Having recently blogged about the ‘literary canon’ and what has historically been excluded from it, a fellow blogger raised a pressing question: what about non-English books? And, more to the point, what about non-European/North American literature?
Inspired by this issue, and in tribute to the recent passing of one of Africa’s greatest writers, I wanted to write a bit about Chinua Achebe’s first and well-loved novel: Things Fall Apart.
Okonkwo is a great warrior; his fame is far-reaching. Never to show weakness, he even kills the prisoner of a neighbouring village who has become like a son to him. But, after a fatal accident in which he kills a clansman, Okonkwo and his family are exiled for seven years. Whilst they are in exile, Okonkwo is brought news that some intruders, including white man, have come to his village. They build a church. By the time of Okonkwo’s return, the village as he knew it has completely changed.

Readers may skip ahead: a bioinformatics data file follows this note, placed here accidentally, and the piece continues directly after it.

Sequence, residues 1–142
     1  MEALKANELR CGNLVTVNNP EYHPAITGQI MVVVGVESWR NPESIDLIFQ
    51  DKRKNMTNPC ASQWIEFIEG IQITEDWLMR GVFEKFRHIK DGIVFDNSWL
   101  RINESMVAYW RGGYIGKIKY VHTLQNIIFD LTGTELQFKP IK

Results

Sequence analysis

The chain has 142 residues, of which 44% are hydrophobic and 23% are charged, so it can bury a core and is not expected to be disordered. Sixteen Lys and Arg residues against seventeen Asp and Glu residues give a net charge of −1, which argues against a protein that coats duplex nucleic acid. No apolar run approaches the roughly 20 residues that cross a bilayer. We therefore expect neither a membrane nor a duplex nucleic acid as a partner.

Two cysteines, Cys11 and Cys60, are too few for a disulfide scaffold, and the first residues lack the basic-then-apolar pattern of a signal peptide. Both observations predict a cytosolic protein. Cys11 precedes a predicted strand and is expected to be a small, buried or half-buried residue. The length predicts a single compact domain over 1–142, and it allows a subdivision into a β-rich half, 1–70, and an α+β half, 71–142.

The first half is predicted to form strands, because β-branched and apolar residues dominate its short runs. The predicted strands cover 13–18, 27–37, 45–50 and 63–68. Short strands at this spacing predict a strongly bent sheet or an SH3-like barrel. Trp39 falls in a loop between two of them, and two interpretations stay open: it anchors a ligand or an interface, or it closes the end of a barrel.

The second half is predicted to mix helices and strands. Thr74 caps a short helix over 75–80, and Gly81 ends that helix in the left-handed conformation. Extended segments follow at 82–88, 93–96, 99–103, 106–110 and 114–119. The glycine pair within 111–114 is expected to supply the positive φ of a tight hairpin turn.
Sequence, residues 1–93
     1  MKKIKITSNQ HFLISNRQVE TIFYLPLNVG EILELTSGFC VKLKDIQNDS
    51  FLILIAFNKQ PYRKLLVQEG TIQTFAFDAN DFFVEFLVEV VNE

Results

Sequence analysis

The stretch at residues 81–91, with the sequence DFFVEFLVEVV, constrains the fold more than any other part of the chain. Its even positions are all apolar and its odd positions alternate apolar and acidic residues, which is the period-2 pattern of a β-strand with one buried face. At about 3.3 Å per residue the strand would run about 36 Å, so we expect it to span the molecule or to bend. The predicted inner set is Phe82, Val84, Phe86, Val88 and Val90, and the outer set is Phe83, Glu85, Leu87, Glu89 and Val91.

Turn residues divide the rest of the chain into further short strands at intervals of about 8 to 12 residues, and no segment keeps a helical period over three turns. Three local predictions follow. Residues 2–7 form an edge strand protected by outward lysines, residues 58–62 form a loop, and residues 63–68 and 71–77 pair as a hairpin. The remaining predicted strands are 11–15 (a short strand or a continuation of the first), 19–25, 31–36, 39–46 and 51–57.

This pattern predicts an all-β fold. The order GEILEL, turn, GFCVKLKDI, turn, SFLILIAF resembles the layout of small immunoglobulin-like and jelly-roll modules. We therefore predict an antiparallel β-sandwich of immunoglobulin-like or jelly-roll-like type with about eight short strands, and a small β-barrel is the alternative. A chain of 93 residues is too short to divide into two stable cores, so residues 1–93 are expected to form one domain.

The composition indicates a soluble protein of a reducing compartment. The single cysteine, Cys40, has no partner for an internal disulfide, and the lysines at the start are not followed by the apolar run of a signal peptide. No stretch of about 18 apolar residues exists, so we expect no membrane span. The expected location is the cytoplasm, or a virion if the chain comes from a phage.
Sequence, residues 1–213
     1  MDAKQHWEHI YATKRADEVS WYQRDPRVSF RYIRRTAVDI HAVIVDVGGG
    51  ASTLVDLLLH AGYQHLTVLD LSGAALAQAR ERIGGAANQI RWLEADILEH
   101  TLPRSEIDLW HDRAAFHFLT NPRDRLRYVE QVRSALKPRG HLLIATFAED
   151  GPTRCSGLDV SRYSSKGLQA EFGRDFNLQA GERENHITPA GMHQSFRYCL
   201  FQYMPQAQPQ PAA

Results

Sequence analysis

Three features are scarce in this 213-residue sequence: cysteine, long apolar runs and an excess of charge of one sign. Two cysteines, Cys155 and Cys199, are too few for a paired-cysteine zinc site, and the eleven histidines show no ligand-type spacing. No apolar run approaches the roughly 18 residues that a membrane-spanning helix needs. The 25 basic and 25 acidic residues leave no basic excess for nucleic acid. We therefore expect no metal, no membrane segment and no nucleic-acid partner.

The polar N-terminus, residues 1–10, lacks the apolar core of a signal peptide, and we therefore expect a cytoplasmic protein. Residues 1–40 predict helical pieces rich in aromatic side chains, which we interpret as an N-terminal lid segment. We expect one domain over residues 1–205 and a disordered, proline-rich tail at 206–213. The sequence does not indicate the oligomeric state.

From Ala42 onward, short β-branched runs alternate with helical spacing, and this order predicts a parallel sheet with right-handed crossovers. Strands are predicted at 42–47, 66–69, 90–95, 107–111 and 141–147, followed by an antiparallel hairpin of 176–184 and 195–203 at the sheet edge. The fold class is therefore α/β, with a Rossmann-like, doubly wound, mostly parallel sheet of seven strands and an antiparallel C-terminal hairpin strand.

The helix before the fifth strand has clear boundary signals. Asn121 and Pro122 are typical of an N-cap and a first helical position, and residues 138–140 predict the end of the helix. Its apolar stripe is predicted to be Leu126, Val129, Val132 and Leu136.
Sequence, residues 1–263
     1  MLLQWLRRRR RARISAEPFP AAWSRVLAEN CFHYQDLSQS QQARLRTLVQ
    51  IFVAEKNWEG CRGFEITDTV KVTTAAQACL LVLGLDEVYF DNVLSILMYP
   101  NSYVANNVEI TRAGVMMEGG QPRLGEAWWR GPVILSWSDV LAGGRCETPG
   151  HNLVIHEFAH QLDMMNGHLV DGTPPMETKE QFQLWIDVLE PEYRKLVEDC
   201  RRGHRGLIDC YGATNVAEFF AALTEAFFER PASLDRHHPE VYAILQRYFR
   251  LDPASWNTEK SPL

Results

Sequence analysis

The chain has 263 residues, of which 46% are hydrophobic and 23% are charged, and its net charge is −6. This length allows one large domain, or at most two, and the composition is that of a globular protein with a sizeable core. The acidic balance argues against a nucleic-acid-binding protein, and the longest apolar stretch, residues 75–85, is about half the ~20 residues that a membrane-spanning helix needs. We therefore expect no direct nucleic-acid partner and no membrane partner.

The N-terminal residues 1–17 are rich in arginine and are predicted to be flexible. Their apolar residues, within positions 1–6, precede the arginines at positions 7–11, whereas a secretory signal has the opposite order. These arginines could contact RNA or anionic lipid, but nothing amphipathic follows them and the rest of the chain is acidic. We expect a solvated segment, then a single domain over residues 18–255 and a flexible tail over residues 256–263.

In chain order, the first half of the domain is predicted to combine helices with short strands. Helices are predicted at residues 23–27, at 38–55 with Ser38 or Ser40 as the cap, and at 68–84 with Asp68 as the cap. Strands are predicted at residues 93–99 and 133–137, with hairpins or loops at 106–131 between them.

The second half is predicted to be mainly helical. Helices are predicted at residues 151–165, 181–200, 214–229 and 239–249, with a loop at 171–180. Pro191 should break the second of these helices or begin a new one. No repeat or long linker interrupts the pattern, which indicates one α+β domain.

Things Fall Apart is a captivating, beautifully crafted novel which powerfully captures a moment of colonialism. And this brings us back to that question of language – as an imperial language, can English truly express the reality of the multifarious experiences of Africans?
This, of course, is not a new question. Whether or not African authors should write in English has been a subject of fierce debate, particularly between Chinua Achebe and Kenya’s Ngugi Wa Thiong’o who, having previously written in English, now writes mostly in Gikuyu.
Things Fall Apart, however, was written in English and is a powerful and important book, one I would highly encourage you to read.